Autoimmune Disease

A New Frontier for Cell Therapy

Our Opportunity

As the third most common cause of chronic illness in the U.S., autoimmune diseases affect as many as 23.5 million people1. More than 80 known autoimmune diseases exist with suboptimal treatment and no cures, representing a leading cause of death and disability.


Current therapeutic modalities include injectable monoclonal antibodies and small molecule oral medicines that do not always achieve optimal and long-lasting disease control. For example, the introduction of monoclonal antibodies targeting the TNF-alpha cytokine (also known as “anti-TNF agents”) has brought progress to the care of patients with many autoimmune diseases, yet patients often need to be switched to either another anti-TNF agent or to a new modality as disease control diminishes and symptoms return.

Autoimmune diseases may also require extreme, broadly immunosuppressive approaches (for example, corticosteroids or calcineurin inhibitors) which can leave patients with dampened immune responses, rendering them susceptible to infections and malignancies. Looking at the most recent approaches for the spectrum of immune-mediated disorders categorized as inflammatory bowel disease (IBD), up to one third of patients demonstrate primary nonresponse and another 30% of patients become refractory due to secondary loss of response.2

Kyverna aims to successfully apply cell therapy to autoimmunity. We believe that Kyverna’s engineered cells have the potential to address the underlying mechanisms of autoimmune disease with the additional benefits of improving safety and tolerability by minimizing toxicity associated with current treatments.

Potential Disease Targets

In its simplest form, autoimmune disease emerges when the complex network of the normally protective human immune system is unable to discern between self and non-self. Abnormal immunity against self-antigens may be evidenced by a rise in antibodies (called “autoantibodies”) against a variety of molecules. A cell population responsible for the production of antibodies, the B cells, has been identified as playing a key role in so-called humoral auto-immunity. Other immune cells have been identified at the root of autoimmune diseases and in particular an imbalance between T cells that dampen inflammation (regulatory T cells, or Tregs) and T cells that cause inflammation (effector T cells, or Teff). For these reasons, autoimmune diseases lend themselves to cell therapy treatment approaches.

Our goal is to demonstrate the clinical potential of Kyverna’s engineered T cell therapies as safe, effective, and potentially curative treatments for autoimmune diseases. Our initial disease targets are diseases for which there are no approved treatments, or for which the results of existing treatments could be further improved. In the absence of an approved treatment, physicians will often try out other medicines, exposing patients to the side-effects of these medicines with no demonstrated efficacy for the patients’ disease. This reality underscores the pressing need to come up with better solutions for patients. While other autoimmune diseases already have approved treatments (e.g. Inflammatory bowel disease or IBD), a significant portion of patients do not experience adequate disease control with such treatments and would benefit from new approaches.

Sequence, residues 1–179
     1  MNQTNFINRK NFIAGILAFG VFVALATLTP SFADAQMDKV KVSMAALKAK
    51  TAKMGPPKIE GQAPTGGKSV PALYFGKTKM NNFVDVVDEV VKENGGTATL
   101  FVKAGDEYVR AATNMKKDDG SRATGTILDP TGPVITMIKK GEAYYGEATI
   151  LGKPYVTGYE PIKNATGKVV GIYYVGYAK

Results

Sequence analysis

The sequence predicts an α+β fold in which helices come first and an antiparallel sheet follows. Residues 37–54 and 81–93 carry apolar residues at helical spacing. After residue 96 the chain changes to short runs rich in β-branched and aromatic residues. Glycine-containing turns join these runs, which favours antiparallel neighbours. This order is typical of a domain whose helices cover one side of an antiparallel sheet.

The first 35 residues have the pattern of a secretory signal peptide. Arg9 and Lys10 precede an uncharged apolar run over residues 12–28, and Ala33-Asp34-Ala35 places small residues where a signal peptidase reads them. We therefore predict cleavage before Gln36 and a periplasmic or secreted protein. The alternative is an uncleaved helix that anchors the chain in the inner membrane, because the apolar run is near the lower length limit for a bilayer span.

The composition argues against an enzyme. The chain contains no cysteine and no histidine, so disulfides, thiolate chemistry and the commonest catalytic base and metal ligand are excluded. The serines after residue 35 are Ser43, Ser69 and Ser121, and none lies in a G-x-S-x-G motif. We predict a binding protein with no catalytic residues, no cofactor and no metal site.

Lupus Nephritis

What it is

An autoimmune disease in which chronic kidney inflammation can ultimately lead to complete kidney failure and the need for renal replacement.

Where it strikes

Systemic lupus erythematosus is among the top 15 most prevalent autoimmune diseases in the U.S.1, affecting approximately 330,000 patients3 Lupus nephritis affects up to 60% of patients with systemic lupus erythematosus (SLE).

Current treatments

Two conventional approaches; one small molecule, and one biologic agent were recently approved by the FDA for the treatment of patients with active lupus nephritis in combination with a background immunosuppressive regimen. Despite these approvals there is still an unmet medical need for truly transformative approaches that will eliminate the use or need for potent immunosuppressants, dialysis, or kidney transplantation.

Systemic Sclerosis

What it is

A multisystem autoimmune disease that is characterized by widespread vascular dysfunction and progressive fibrosis (scarring) of the skin and internal organs.

Where it strikes

The prevalence of systemic sclerosis is estimated to span from 50 to 300 cases per 1 million people.4

Current treatments

While some treatments may alleviate symptoms, there are currently no effective or approved therapies for the underlying disease process.

Inflammatory Bowel Disease

What it is

Inflammatory bowel disease (IBD), namely ulcerative colitis and Crohn’s disease, are two distinct autoimmune diseases that involve inflammation of the gastrointestinal tract.

Where it strikes

Approximately 1.3% or 3 million U.S. adults reported being diagnosed with IBD.5

Current treatments

Several classes of agents are available in oral, injectable or local formulations. Both small and large molecules (biologics) are available. Mechanisms of action range from broad anti-inflammatory agents (e.g. corticosteroids, aminosalicylates, and JAK inhibitors) to biologic agents targeting select cytokines or addressins. Despite this plethora of approaches, few patients experience sustained disease remission.

  1. Hayter et al., Autoimmune Rev., 2012 Aug;11(10):754-65.
  2. E. Carter et al., Nature Reviews Rheumatology, 12, Oct. 2016, 605-620.
  3. Global Data

  5. Dahlhamer JM, Zammitti EP, Ward BW, Wheaton AG, Croft JB. Prevalence of inflammatory bowel disease among adults aged ≥18 years—United States, 2015.